5 of the world’s wealthiest family’s art collections that will blow your mind!

November 1, 2023

In 1855, Baron James Mayer de Rothschild wrote, “No price is too high for the acquisition of true masterpieces”. The patriarch of the French branch of the Rothschild family was not alone in this sentiment. For many of the world’s wealthiest families, building an art collection is not just a means of creating and preserving a legacy, but it also serves as an investment and overall asset diversification strategy. Let’s explore 5 of the world’s wealthiest family’s art collections:

1. The Royal Family – $12.7+ Billion

Photo Credit: RockingStock

The Royal Family – one of the last great European royal collections to remain intact, the Royal Collection is a unique and valuable record of the personal tastes of kings and queens over the past 500 years, including 30,000 drawings and watercolors, and more than 7,000 paintings.

2. The Rothschilds – $2+ Billion

Photo Credit: kitera dent

The Rothschilds – for this family, collecting has been a tradition since the late 18th century. Today, many of the world’s greatest works of art have a Rothschild provenance.

3. The Rockefellers – $835.1+ Million

Photo Credit: James Kemp

The Rockefellers – the Peggy & David Rockefeller estate auction broke records totaling $835.1 million in sales in 2018, making it the most significant charitable auction in history. While a large number of works are sold and no longer in the family’s possession, their collection is still one of the most sizable by one family to date.

4. The Waltons – $500+ Million

Photo Credit: RockingStock

The Waltons – curated largely by the world’s richest woman, Walmart heiress, and philanthropist, Alice Walton, the Walton collection is estimated to be worth half a billion dollars and can be seen in part at her family-funded museum, Crystal Bridges in Arkansas.

5. The Hermés Family – Unknown

Photo Credit: drserg

The Hermés Family – while information about the art collection of this $94.6 billion family remains somewhat elusive, reports suggest that it comprises more than 10,000 items and includes several thousand books, predominantly centered around equestrian themes.

So why do these families have such large collections? Aside from the obvious beauty and cultural significance, these families know the secret about fine art that the average person does not…

Historically, fine art has served as an excellent storehold of value, allowing its collectors and investors to consistently grow their wealth at a high-rate of return. Its all-weather nature comes with a history of outperformance vs. mainstream assets, and even increasing in value when inflation is high, or the stock market is sinking.

However, up until now, there’s been a problem. These collections may seem so out of reach, either physically or because of their legendary status, as to be unattainable. But that’s all changing, thanks to the power of technology, and a group of art and finance experts working out of Manhattan’s financial district at a company called Masterworks.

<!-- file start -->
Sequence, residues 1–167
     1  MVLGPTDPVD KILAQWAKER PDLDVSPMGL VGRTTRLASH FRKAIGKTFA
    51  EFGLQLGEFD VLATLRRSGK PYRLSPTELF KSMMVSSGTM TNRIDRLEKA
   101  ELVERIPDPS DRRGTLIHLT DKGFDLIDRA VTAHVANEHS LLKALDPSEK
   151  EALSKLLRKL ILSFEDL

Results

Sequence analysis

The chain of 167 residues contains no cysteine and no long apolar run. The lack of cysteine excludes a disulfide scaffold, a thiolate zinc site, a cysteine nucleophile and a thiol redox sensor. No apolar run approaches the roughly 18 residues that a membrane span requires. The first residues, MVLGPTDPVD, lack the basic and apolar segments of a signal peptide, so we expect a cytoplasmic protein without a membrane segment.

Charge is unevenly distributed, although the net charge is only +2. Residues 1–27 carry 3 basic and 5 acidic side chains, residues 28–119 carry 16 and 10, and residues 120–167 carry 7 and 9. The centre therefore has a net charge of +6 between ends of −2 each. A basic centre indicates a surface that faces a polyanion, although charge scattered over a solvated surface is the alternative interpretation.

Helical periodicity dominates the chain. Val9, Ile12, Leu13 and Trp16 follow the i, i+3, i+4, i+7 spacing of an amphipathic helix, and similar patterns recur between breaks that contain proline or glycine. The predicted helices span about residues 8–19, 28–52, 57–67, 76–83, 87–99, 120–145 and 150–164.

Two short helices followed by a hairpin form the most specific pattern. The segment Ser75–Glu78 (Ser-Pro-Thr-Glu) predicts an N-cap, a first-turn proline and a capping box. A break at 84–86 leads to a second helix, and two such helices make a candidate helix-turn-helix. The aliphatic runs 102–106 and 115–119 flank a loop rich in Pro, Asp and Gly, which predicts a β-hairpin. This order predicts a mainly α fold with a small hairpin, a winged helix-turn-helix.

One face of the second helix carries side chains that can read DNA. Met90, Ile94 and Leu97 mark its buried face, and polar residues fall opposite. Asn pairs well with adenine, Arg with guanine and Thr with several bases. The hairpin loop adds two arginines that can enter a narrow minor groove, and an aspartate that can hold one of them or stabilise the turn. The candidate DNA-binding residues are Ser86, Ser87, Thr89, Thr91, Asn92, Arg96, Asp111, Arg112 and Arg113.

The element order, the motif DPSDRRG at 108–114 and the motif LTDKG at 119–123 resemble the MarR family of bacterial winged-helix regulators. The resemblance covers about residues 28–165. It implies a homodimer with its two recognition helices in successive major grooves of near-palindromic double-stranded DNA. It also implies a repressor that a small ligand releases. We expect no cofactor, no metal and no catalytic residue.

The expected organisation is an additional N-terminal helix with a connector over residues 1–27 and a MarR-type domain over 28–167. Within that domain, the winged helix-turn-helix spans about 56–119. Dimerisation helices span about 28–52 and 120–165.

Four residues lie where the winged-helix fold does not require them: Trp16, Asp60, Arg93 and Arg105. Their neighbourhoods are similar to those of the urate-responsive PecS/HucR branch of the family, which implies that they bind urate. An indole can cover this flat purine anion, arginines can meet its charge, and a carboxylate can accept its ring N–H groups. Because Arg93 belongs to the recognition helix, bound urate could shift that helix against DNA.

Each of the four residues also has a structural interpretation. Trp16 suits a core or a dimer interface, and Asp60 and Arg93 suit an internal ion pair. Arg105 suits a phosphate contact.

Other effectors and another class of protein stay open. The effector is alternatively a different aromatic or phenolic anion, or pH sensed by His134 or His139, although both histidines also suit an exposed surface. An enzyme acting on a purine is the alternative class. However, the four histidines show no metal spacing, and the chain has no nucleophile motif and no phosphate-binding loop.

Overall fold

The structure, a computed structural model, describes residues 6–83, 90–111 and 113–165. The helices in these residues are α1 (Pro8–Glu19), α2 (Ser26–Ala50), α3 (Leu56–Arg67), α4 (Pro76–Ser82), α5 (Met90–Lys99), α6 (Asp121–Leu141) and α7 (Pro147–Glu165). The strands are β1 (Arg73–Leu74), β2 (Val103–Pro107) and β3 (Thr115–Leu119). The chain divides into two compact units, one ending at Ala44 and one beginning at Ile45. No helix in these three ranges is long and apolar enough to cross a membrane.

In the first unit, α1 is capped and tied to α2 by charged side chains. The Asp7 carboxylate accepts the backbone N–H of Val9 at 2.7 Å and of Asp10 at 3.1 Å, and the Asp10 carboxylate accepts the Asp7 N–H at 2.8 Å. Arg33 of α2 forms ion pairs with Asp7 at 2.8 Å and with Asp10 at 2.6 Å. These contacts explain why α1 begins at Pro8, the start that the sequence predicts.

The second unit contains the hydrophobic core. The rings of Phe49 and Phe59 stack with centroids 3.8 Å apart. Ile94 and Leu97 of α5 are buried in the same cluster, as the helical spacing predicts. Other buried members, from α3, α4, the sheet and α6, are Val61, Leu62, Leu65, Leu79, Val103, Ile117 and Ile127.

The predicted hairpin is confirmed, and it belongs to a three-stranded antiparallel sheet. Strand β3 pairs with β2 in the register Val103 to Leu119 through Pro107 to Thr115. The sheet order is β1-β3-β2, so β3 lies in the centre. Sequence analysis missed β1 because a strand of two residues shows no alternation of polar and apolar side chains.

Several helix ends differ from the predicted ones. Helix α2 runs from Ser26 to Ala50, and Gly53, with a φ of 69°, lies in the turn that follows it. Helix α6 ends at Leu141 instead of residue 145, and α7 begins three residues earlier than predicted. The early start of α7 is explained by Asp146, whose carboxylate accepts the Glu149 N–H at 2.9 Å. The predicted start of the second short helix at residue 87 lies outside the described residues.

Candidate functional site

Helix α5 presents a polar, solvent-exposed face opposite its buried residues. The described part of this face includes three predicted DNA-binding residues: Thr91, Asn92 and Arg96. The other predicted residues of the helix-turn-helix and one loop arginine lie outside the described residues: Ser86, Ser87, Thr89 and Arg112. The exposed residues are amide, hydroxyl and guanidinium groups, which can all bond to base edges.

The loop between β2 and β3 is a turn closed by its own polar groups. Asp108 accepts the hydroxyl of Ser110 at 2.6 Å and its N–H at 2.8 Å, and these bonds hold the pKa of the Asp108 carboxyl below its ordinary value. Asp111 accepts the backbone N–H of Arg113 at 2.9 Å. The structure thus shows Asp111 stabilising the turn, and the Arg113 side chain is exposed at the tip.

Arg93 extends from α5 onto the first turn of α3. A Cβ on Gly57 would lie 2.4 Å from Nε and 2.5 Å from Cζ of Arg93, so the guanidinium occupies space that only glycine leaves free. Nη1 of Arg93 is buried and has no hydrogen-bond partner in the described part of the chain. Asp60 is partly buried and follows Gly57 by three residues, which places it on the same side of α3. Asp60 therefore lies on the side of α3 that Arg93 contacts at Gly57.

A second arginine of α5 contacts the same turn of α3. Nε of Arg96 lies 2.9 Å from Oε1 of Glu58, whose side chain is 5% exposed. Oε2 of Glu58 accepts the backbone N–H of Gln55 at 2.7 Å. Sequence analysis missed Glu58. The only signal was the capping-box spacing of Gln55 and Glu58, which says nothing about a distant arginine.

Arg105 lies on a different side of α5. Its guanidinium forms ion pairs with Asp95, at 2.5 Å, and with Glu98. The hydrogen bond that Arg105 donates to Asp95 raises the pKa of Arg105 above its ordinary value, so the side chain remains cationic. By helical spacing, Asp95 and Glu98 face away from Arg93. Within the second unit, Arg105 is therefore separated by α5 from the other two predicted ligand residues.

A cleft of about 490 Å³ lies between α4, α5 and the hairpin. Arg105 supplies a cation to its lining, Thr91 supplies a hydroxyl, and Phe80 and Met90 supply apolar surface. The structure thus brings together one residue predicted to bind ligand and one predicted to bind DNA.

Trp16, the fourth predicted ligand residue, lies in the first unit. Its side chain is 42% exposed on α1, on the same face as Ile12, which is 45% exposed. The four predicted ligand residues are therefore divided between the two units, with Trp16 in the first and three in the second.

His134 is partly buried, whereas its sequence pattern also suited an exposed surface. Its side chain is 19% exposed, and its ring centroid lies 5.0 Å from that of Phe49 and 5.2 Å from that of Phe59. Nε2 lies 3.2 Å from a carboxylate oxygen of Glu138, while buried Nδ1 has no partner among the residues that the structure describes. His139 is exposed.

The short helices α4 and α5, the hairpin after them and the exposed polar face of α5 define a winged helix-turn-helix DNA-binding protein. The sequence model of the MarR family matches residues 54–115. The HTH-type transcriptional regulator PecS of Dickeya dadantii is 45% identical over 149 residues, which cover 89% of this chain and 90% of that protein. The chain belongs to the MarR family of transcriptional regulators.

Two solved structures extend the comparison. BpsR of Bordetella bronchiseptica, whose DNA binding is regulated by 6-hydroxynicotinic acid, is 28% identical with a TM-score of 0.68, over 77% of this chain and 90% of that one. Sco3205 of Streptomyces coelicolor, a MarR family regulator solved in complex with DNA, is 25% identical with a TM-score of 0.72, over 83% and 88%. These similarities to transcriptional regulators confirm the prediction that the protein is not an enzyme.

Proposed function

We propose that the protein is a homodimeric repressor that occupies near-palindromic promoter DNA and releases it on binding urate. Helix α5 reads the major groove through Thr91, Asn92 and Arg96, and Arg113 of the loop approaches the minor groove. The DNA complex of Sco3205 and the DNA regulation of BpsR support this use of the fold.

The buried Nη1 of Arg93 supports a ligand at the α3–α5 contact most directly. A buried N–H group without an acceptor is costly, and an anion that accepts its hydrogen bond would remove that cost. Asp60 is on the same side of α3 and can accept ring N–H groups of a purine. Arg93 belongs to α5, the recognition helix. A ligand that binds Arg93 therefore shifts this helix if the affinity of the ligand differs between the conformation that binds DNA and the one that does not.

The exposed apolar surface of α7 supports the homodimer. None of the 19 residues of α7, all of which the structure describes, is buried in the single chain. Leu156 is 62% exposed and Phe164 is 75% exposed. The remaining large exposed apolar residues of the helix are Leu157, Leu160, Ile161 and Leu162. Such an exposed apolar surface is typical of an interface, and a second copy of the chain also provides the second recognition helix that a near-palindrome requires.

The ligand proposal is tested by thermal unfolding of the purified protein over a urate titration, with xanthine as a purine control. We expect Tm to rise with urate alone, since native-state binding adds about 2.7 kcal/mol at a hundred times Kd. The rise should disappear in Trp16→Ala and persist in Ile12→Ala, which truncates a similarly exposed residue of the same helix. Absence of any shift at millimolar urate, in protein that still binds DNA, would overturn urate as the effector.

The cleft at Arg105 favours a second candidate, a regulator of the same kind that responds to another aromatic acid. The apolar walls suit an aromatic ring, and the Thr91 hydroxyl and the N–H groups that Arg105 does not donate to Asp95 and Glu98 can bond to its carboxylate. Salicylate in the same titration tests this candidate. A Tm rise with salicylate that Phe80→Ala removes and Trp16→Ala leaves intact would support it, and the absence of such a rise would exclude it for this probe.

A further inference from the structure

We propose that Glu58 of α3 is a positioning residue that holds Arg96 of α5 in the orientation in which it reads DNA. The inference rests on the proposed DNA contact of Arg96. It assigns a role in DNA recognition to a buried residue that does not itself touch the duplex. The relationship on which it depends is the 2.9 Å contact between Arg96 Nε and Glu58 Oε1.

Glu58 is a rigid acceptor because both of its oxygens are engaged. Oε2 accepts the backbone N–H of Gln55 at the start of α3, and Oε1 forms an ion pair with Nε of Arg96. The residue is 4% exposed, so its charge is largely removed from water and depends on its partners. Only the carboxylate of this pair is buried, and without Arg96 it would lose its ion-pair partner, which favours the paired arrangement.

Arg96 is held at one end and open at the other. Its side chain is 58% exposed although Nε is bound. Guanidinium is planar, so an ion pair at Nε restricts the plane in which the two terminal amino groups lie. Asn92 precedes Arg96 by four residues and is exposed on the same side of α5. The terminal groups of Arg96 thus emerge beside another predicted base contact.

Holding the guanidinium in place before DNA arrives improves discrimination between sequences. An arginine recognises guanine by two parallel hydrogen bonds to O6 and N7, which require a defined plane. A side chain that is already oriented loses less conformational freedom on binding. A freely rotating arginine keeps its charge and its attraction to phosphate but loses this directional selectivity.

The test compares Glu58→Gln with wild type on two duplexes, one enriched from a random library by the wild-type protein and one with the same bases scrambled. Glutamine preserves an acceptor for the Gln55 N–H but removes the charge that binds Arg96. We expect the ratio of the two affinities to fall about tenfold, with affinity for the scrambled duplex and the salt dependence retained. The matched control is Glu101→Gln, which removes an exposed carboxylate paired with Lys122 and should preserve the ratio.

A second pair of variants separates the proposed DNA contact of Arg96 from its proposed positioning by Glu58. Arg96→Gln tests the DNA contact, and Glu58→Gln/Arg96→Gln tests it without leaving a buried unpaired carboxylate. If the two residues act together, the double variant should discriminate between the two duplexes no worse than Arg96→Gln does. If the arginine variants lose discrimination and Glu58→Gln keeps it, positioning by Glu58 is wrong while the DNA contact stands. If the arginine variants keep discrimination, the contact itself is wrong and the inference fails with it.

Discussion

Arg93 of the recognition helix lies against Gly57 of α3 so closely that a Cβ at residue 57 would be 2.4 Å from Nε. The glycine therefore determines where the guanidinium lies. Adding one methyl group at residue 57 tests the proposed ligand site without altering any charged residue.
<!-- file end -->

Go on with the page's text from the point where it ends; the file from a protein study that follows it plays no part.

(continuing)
Masterworks’ art investing platform is transforming and democratizing the art market, allowing anyone to collect and actually invest in masterpieces by artists like Picasso, Banksy, Basquiat, and more. They’ve already offered over 300 masterpieces ranging from six-figures to eight-figures in value. (Across Masterworks’ first 282 qualified offerings (not exited), the average offering amount was $3,003,300.) However, Masterworks members can invest in shares starting as low as $20 per share. 

It’s finally possible to build a diversified portfolio of famous artworks at a fraction of the typical cost of buying whole artworks. Additionally, through October 2023, Masterworks has exited – or sold – 16 of their works. They’ve all recorded positive returns and provided over $10 million in profits to investors (net of fees).*

*[Please note: All investing activities involve risks and art is no exception. Risks associated with investing through the Masterworks platform include the following: Your ability to trade or sell your shares is uncertain. Artwork may go down in value and may be sold at a loss. Artwork is an illiquid investment. Costs and fees will reduce returns. Investing in art is subject to numerous risks, including physical damage, market risks, economic risks and fraud. Masterworks has potential conflicts of interest and its interests may not always be aligned with your interests.

Liquidation timing is uncertain. Expenses and fees are listed in our Offering Circulars. Note: Fees are 1.5% per annum (in equity), 20% profit share, and certain expenses are allocated to the investment vehicle. Investors should review the offering circular for a particular offering to learn more about fees and expenses associated with investing in offerings sponsored by Masterworks. Masterworks will receive an upfront payment, or “Expense Allocation” which is intended to be a fixed non-recurring expense allocation for (i) financing commitments, (ii) Masterworks’ sourcing the Artwork of a series, (iii) all research, data analysis, condition reports, appraisal, due diligence, travel, currency conversion and legal services to acquire the Artwork of a series and (iv) the use of the Masterworks Platform and Masterworks intellectual property. No other expenses associated with the organization of the Company, any series offering or the purchase and securitization of the Artwork will be paid, directly or indirectly, by the Company, any series or investors in any series offering. For more information, see “IMPORTANT DISCLOSURES” at Masterworks.com/cd

This post was sponsored by Masterworks.com/cd 

A published financial writer based in Brooklyn, dedicated to navigating the intricate world of markets and money. I aim to dissect the complexities of finance, offering readers a clearer lens into the economic tapestry we all navigate.